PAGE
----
Simpson could make a valuable contribution to this problem. He could consent to have his brain examined after death. That is something that all professional football players could do to further the understanding of the damage encountered by playing the game.

Let me say again that this is not a "get-out-of-jail-free" card. The neurological damage can be a contributing factor. The important question to many people would be whether to allow a son to play the sport. Is the trade-off worth it: fame and instant wealth versus a possible shorten life span and a premature decreased quality of life? The intervening variable is that these young men thank that they are bullet-proof. They think that it can never happen to them. And the culture feeds into their being 'special' and gifted athletes. The perspective changes.

Perhaps, for parents, encouraging work on that jump shot and those low post moves look much more appealing.
This was beginning to be known when my older children were in high school. A classmate of one of my daughters, a high school quarterback, experienced dramatic negative changes in both cognitive function and personality, has been convicted of several crimes of violence, and today is not able to live independently. He is 23 or 24.

That doesn't rule out other causes for Roethlisberger's behavior, but it's a persuasive argument for greater protections against repeated concussions, especially in young athletes. Roethlisberger might well choose to take the risk; high school students should not make the choice on their own.
Paging Mike Tyson, Paging Mike Tyson.

Excellent perspective. In the military the term is "traumatic brain injury" or TBI for our soldiers returning from Iraq and Afghanistan. There is a whole host of protocols for them as well as education to their families on what to expect. At least, they are supposed to be doing this for our soldiers. It would be great to extend that to football players. I do know football players suffer serious arthritis also in their later years from all of their injuries. I first heard about that from Joe Namath.
Excellent, well rounded post.
There's been successive segments on Bryant Gumbel's show about concussions in the/and the NFL.

and here's an article from HuffPo:


and good old AARP:
Not only will bank robbers go into rehab for Bank Robber's Disease, they will also find Jesus Christ.
Or it could be all that money and millions of people's adoration.
How many hits to the head did Tiger Woods have before he had to face the music?
This isn't happening only to pros. There are two very interesting pieces on brain injury in athletes, mostly NFL players (especially linemen) in GQ and The New Yorker.

Bennet Omalu's work is profiled in the GQ piece, along with the NFL's attempt to deny and minimize his findings. All seventeen of the brains of the ex-NFL players he pathologically examined showed a high build up of tau, the protein that accumulates in the brain cells of second stage Alzheimer’s patients, killing the cells and eventually the patient. Almost all of the ex-players whose brains he examined exhibited dementia in the last few years of their lives. Dr. Omalu named the syndrome "...chronic traumatic encephalopathy (C.T.E.), which is a progressive neurological disorder found in people who have suffered some kind of brain trauma..." in the paper "Chronic Traumatic Encephalopathy in a National Football League Player". It was published by Neurosurgery in May 2006.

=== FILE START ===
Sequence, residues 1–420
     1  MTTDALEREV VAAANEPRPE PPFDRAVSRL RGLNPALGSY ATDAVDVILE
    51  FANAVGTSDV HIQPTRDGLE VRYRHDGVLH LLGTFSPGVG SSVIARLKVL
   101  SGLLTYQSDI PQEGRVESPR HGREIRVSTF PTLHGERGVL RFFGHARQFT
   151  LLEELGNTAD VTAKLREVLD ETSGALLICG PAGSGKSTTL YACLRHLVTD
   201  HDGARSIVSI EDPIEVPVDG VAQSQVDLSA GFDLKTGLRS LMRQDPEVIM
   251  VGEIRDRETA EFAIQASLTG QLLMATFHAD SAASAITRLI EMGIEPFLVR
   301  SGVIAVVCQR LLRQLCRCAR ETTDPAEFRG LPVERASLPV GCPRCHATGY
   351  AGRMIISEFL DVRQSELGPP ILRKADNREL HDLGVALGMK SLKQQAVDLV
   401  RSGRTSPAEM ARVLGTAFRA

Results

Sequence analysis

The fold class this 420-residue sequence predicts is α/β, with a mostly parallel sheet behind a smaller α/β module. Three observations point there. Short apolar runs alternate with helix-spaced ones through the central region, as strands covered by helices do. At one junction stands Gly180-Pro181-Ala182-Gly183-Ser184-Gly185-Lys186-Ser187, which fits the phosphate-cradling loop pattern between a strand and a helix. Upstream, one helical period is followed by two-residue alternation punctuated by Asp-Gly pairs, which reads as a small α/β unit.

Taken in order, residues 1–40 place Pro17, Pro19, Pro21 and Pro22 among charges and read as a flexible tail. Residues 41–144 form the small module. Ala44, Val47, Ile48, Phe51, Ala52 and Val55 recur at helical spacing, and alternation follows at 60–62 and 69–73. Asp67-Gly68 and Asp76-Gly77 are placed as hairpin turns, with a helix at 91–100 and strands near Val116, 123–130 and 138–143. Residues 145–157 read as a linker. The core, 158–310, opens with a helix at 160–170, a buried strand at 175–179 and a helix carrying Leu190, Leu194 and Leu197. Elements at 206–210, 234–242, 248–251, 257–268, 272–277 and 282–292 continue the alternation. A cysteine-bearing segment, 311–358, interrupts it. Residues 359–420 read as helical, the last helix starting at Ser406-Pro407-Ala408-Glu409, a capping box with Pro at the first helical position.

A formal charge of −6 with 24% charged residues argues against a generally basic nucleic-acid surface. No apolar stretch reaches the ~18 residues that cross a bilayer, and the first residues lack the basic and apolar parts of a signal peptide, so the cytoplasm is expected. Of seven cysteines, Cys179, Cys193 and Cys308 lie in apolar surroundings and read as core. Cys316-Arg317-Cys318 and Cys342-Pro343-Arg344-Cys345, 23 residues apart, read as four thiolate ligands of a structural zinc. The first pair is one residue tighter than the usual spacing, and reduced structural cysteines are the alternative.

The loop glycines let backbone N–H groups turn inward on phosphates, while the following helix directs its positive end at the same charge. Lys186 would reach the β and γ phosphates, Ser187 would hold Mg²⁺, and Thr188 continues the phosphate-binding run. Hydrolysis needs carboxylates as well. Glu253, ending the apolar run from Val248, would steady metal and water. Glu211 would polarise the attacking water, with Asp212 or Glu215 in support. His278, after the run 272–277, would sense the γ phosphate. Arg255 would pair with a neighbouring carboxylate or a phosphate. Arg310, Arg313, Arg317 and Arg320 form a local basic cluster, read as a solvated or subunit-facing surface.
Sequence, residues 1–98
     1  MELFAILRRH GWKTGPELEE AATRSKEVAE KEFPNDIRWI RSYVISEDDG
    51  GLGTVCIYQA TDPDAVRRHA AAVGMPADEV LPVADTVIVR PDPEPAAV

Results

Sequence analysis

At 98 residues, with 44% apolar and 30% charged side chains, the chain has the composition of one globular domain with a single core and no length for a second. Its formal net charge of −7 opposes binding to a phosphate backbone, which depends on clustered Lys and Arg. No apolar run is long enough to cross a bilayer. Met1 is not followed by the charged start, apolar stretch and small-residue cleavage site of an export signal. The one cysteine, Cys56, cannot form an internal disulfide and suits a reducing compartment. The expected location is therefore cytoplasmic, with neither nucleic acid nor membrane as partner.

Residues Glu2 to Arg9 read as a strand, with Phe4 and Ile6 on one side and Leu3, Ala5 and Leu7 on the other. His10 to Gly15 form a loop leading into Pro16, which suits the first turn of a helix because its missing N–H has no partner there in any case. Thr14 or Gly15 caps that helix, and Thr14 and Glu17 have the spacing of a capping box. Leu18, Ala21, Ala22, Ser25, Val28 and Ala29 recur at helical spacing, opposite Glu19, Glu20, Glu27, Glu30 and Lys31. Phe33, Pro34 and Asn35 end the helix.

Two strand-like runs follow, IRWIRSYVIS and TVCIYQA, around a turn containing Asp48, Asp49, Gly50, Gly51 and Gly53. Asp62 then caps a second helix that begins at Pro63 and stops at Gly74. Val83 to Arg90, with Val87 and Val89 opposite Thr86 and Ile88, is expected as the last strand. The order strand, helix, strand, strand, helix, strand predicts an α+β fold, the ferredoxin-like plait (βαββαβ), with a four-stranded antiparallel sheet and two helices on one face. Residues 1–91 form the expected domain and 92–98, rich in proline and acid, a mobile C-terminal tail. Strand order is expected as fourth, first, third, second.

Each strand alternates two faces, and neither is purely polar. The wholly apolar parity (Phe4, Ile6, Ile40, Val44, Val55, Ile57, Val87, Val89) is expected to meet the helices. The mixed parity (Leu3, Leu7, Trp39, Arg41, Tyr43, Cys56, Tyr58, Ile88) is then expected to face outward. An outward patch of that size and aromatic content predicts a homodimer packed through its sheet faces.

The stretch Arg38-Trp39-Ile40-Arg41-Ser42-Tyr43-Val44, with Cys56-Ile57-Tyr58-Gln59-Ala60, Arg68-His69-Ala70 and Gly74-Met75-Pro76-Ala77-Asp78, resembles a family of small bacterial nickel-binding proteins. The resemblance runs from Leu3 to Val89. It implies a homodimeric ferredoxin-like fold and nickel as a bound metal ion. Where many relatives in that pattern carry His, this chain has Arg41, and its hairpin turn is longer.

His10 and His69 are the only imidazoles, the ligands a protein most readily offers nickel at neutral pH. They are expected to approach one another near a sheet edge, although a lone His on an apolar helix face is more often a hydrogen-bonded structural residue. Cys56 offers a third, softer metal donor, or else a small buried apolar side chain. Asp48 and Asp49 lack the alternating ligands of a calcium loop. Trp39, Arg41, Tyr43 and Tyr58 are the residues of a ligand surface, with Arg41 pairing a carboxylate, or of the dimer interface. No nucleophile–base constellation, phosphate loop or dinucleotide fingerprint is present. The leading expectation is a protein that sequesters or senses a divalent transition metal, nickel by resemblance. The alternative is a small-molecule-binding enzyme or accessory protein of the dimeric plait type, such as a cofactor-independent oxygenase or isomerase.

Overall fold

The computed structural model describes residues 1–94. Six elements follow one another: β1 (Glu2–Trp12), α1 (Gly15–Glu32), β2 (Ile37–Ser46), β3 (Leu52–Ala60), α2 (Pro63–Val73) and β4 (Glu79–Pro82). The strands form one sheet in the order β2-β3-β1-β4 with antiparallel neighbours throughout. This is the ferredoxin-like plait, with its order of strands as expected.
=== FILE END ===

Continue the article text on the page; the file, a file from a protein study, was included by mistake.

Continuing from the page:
Ann McKee's work is referred to in the New Yorker article. She has done pathological examinations of the brains "...of sixteen ex-athletes, most of them ex-football players..." and, although she says "...she will need to see at least fifty cases before she can draw any firm conclusions...", she is also seeing a high build up of tau. She saw this in every one of these sixteen brains she's examined.

Julian Bailes, "...a neurosurgeon of considerable renown who had for a decade worked as a Steelers team doctor...", has worked with Dr. Omalu since the publication of "Chronic Traumatic Encephalopathy in a National Football League Player". "...I told the NFL, I said, 'Why don't you take the head out of the game? Just take it out of the game! Let the linemen start from a squatting position instead of getting down for head-to-head. Have them stand up like they do on pass protection. So there’s not this obligatory head contact.'"

If football is to continue being played, this change must be made. It's cruel and inconceivable that millions of people (most of whom will never make the pros) will suffer brain injury, affecting them for the rest of their lives, in order to develop players to entertain us.